WASHINGTON — Sept. 18-24 is designated as “Banned Books Week,” when readers are encouraged to check out books that someone doesn’t want on the shelves.
How many books are getting formally pushed out of schools and libraries, where is it happening, and why?
WHAT WE FOUND:
If it feels like you’re hearing more and more about libraries and school boards removing certain reading material from shelves and curriculum–the groups that keep track of this kind of thing would tell you, you’re right.
The American Library Association reported this spring the largest number of attempted book bans since it began tracking that 20 years ago…far overshadowing previous years’ numbers, and more than the previous two years combined.
The ALA report lists “729 challenges to library, school, and university materials and services, representing challenges to 1,597 individual book titles.” That’s compared to 273 in 2020, 377 in 2019, and 483 in 2018.
“There's always been some amount of book banning,” said Will Creeley, legal director for the Foundation for Individual Rights and Expression. “But this is unprecedented. It is a tsunami, it is an avalanche of censorship.”
Texas leads states in book challenges on that list, followed by Florida and Pennsylvania.
In the last year in the DMV, Fairfax County, Loudoun County, and Spotsylvania County Public Schools have all taken books off the shelves, including titles with LGBTQ themes.
Historically, book bans have often centered around language, or what might have been deemed “mature topics,” or anti-Christian messaging, but targeted books increasingly center around characters and issues “of people who are gay, trans, Black, Indigenous, people of color, immigrants, and refugees,” according to the ALA.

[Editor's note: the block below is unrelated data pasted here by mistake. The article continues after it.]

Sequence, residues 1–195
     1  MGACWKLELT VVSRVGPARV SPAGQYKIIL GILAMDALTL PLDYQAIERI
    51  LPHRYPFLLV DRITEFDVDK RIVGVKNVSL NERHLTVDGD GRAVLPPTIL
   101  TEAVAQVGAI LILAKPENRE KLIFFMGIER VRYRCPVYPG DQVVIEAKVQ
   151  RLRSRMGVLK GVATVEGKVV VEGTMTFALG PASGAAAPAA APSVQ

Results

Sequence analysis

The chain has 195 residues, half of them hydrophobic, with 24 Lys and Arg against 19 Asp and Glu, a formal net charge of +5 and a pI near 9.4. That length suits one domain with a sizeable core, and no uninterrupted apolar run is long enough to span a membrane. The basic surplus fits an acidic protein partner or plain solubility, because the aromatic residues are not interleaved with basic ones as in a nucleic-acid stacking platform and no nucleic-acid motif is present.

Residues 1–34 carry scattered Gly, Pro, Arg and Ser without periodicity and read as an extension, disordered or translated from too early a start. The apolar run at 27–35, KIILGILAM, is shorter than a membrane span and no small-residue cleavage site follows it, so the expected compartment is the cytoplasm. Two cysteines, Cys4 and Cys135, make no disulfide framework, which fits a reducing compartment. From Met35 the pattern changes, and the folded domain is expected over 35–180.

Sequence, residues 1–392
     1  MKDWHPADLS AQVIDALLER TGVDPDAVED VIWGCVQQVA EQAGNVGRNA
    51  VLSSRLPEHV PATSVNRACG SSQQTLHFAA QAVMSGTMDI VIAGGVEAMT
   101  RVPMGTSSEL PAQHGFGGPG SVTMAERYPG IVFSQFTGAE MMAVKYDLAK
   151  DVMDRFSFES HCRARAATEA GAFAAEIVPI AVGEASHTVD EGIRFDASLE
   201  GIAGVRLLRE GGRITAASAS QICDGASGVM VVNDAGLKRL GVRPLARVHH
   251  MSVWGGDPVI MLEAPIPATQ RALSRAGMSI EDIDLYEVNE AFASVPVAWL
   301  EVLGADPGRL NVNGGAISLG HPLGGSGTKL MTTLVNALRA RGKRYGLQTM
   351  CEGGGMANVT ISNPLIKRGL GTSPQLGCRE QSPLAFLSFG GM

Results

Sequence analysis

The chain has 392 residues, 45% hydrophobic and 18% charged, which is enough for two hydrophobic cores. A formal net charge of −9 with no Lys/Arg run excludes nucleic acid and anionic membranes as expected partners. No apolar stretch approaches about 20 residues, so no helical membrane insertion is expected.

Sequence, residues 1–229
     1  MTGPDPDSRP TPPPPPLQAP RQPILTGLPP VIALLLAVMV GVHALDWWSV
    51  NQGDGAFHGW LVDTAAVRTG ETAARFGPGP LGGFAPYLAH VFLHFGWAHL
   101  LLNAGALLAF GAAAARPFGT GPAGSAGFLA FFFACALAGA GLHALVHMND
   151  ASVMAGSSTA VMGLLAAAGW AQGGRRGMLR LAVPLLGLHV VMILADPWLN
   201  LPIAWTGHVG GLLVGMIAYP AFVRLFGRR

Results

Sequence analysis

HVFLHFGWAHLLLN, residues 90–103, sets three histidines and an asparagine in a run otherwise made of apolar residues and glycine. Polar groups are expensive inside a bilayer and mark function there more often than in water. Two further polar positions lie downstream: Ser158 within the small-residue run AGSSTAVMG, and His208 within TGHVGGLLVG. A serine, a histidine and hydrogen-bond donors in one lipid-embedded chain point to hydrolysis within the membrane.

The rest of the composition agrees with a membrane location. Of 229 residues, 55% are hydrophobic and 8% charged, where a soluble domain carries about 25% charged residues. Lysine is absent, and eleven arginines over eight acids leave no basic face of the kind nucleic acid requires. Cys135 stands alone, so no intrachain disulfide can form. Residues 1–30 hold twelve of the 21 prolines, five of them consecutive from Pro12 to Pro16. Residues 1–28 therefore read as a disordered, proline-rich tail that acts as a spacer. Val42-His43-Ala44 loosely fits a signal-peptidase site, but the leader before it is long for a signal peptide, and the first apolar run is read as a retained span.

Five of the ten most challenged books for the last year deal with LGBTQ issues, and PEN America’s index shows schools are disproportionately banning books with LGBTQ+ themes and characters and “characters of color.”
Creeley says it’s a precedent that could impact a variety of beliefs.
“I think no matter what your beliefs, no matter what your party affiliation, you should be very nervous because that axe swings both ways,” he said. “Today, folks are coming for books dealing with the LGBTQ community, tomorrow, they'll be coming for books dealing with faith, or you know, in some instances, we even saw the Bible get pulled off the shelves. So once you start banning books, it is a very slippery slope.”
The PEN America Report found sometimes books are pulled in political moves from school board officials or even those high up in state government. Most of these book challenges come from local action and advocacy parent groups, typically conservative, aiming to amplify parents’ voices in schools over the last few years.
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